WITS Mining - Facilities
The School now has well equipped teaching laboratories in the following areas:
- Rock Mechanics
- Excavation Engineering
- Mine Ventilation and Climate Control
- noise and lighting
- Digital Photogrammetry
- Mine Design and Computing
To complement these laboratories, our workshop is capable of meeting all the School's requirements for the design, manufacture and maintenance of teaching and research equipment.
The Rock Testing Laboratory is probably the best equipped in the Southern Hemisphere and comparable with those at any university world wide. Facilities include sample preparation, equipment for uniaxial compressive and shear testing and a 3000 kN, triaxial servo-controlled test machine with temperature control. This last item, which was purchased in 1985 at the cost of R1 million, was upgraded in 1994 at a further cost of R1,5 million. Undergraduates are now able to familiarise themselves with all aspects of rock testing and to understand the properties and mechanisms involved in rock fracture (a most important consideration for deep-level mining).
Research and postgraduate teaching also makes use of high speed photography in studying the detonation of explosives, while the recent acquisition of a set of White Industrial Seismology seismographs now allows students to study the effect of blasting on the environment and the potential of damage to structures.
Laboratory classes are conducted to investigate the fan laws, the use of fans in series and parallel and the principles of air cooling. Equipment includes a Newtech Mine Ventilation Educator, a purpose built variable speed centrifugal fan (built to our design by Howden Fans) and a Hilton Air Conditioning Teaching Unit.
A modified Butler shaping machine is used to demonstrate to students the basic concepts of rock and coal cutting. Groups of three or four students participate in laboratory exercises throughout the 3rd year under the supervision of post graduate or 4th year students. The shaping machine is used to demonstrate such aspects as the depth of cut and the cut spacing on cutting forces. In addition the students determine the efficiency of cutting by calculating specific energy requirements of various changes to cutting characteristics.
The main modification to the shaping machine is the incorporation of a tri-axial dynamometer that resolves the pick force into three component forces. The dynamometer sends signals via an amplifier to a computer from which graphical plots and average forces experienced during a cut are obtained.
The photo (left) shows a coal block, encased in concrete to prevent disintegration and weathering of the coal, positioned on the shaping machine platten prior to a test. A point attack pick is mounted on the dynamometer.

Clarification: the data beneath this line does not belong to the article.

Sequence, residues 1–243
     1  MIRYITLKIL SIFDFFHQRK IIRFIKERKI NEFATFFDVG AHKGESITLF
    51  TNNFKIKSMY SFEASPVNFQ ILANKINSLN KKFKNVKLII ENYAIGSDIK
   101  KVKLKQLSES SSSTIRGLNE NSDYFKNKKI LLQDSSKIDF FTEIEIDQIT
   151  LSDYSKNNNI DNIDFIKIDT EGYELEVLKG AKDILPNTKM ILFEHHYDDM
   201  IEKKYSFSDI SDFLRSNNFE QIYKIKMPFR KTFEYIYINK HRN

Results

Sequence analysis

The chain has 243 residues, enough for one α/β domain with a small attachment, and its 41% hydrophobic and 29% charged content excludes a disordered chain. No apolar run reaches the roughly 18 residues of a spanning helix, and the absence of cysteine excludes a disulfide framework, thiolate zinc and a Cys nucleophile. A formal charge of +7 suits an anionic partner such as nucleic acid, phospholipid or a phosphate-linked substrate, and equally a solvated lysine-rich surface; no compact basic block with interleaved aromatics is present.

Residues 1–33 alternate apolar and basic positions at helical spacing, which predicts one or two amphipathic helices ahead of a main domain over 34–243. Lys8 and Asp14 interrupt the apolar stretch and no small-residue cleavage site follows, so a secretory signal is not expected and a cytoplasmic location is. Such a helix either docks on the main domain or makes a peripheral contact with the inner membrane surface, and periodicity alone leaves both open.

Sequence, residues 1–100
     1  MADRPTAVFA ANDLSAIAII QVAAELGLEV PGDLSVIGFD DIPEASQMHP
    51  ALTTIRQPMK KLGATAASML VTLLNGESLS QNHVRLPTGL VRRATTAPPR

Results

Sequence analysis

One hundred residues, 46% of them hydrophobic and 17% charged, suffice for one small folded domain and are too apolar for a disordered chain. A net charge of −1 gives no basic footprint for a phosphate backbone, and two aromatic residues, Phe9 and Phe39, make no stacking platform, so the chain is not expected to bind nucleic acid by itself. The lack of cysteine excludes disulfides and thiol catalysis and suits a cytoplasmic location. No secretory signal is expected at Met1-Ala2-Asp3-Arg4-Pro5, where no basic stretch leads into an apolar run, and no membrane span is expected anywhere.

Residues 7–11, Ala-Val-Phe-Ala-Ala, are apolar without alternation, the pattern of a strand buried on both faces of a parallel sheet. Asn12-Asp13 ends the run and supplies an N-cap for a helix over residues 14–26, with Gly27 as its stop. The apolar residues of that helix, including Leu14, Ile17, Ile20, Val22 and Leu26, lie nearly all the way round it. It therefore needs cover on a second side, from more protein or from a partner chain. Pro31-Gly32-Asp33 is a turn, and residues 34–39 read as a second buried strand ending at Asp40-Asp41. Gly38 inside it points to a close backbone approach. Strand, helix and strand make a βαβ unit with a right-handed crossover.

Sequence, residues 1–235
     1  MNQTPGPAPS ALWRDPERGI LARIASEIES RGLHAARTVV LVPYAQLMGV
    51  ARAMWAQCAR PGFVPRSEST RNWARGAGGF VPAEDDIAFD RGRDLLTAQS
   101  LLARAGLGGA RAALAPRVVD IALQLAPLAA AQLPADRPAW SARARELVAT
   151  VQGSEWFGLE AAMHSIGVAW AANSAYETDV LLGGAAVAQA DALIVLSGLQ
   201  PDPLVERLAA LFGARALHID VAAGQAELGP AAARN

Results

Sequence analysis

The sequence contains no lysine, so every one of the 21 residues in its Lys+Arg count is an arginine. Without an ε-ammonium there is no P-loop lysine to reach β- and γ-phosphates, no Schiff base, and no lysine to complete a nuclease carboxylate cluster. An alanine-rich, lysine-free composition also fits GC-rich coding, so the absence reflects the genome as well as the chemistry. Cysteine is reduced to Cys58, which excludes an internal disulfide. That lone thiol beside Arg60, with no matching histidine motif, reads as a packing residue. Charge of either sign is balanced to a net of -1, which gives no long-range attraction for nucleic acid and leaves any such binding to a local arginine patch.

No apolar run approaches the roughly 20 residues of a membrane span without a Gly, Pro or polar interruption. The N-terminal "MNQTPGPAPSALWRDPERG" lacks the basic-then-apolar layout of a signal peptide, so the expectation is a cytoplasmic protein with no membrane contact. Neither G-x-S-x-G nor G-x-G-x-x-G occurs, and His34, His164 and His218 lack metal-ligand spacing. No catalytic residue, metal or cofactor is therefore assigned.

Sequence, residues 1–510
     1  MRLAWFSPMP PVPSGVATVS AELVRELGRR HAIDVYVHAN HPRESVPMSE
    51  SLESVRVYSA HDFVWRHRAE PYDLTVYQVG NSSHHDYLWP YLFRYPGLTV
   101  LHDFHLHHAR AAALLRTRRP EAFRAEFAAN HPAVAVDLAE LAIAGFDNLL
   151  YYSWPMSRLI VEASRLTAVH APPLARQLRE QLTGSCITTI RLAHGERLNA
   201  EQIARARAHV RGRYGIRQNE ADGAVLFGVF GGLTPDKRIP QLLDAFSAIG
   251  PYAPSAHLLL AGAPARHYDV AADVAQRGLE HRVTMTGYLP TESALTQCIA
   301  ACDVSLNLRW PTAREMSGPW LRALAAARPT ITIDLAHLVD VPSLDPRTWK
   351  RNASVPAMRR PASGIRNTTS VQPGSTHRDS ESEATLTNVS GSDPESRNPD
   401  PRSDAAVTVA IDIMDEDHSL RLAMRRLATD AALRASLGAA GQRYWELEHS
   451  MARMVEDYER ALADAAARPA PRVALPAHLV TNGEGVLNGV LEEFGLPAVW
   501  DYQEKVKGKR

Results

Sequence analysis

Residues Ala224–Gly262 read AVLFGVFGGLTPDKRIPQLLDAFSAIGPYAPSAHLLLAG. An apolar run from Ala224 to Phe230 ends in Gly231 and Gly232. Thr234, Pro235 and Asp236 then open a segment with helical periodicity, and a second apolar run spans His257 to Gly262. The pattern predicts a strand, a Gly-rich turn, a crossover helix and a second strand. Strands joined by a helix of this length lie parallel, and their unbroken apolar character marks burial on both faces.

Since all surveying within the University is service taught by the School of Mining Engineering, equipment for practical classes is held and maintained in the Survey Store. This contains a large collection of standard instruments (levels, theodolites, etc) transferred from the Department of Surveying in 1990, together with specialised mine surveying equipment purchased since then.
In the mid-1980's the School of Mining Engineering was the largest academic user of the University's mainframe computer. Since then the move to localised computing has been completed and the School of Mining Engineering now operates a LAN with about 200 machines attached.
The major expense over the past year (2010) has been the new Mine Design Laboratory (MDL) and the upgrade of staff computers. In addition, more than ninety percent of the staff were provided with laptops. Gemcom Africa (GA) donated 6 million rands worth of Mine Design software to our School. The donation included 50 Whittle, 100 Surpac and 53 GEMS software licenses and a training programme for the students of the School. The laboratory is now equipped with 100 Dell Precision workstations, each running the Windows 7 operating system. Four screen projectors make teaching involving computer-based courses very effective. Specially designed computer desks enable the monitors to be placed inside the desks with a glass cover on top as well as built-in 99 microphones to enable full-interaction between students and the lecturer. The laboratory also has a stereo sound system which includes 32 ceiling speakers which enables not only the lecturer's voice to be projected clearly and concisely, but also creating the possibility of gaining sound effects from the speakers via the computer.
The School’s network has been upgraded to 1000 Base-T by purchasing 3x96 and 4x48 ports Nortel Gigabit switches to increase the network performance. The upgrade also included the replacement of network cables and cabinets within the school. Peripherals on the network include 6 laser printers, 2 colour laser printers, 8 data projectors and a Ricoh Pro 907EX copier/printer which enables staff members to send their large volume printing jobs directly to that machine from their workstations.
Software is also provided on the network and includes Microsoft Office 2010 suite for administrative and academic tasks, Gemcom, Surpac, Wittle, MicroStation for mine design, Surfer and Geostokos for geostatistics. The usual range of Internet services are available, as is direct access to the library catalogue system.
Computer Facilities are also available for full-time postgraduate students. The School supplies computers to its postgraduate students. Each postgraduate student has his/her own PC with full internet access as well as e-mail. For undergraduates there is limited access to the Mine Design Laboratory machines. Access to an additional computer laboratory (CADROOM) with 15 PCs and printing facilities as well as full internet access and e-mail is provided to third and fourth year students during working hours. First and second year students have access (24 hours/7 days a week) to the Faculty's computer laboratory.